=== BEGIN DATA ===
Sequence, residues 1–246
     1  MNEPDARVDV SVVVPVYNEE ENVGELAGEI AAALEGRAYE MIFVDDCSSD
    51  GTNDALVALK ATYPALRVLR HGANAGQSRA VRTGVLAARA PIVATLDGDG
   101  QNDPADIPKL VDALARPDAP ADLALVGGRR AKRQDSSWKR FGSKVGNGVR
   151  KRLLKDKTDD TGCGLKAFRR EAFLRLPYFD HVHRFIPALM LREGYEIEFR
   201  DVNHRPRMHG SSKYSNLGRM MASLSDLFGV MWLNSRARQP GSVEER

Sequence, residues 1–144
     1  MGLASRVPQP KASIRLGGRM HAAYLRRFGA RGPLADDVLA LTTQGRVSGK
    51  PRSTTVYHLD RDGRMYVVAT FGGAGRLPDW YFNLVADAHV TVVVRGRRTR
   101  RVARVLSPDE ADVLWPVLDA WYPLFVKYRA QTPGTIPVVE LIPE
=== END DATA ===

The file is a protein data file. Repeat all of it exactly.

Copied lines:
Sequence, residues 1–246
     1  MNEPDARVDV SVVVPVYNEE ENVGELAGEI AAALEGRAYE MIFVDDCSSD
    51  GTNDALVALK ATYPALRVLR HGANAGQSRA VRTGVLAARA PIVATLDGDG
   101  QNDPADIPKL VDALARPDAP ADLALVGGRR AKRQDSSWKR FGSKVGNGVR
   151  KRLLKDKTDD TGCGLKAFRR EAFLRLPYFD HVHRFIPALM LREGYEIEFR
   201  DVNHRPRMHG SSKYSNLGRM MASLSDLFGV MWLNSRARQP GSVEER

Sequence, residues 1–144
     1  MGLASRVPQP KASIRLGGRM HAAYLRRFGA RGPLADDVLA LTTQGRVSGK
    51  PRSTTVYHLD RDGRMYVVAT FGGAGRLPDW YFNLVADAHV TVVVRGRRTR
   101  RVARVLSPDE ADVLWPVLDA WYPLFVKYRA QTPGTIPVVE LIPE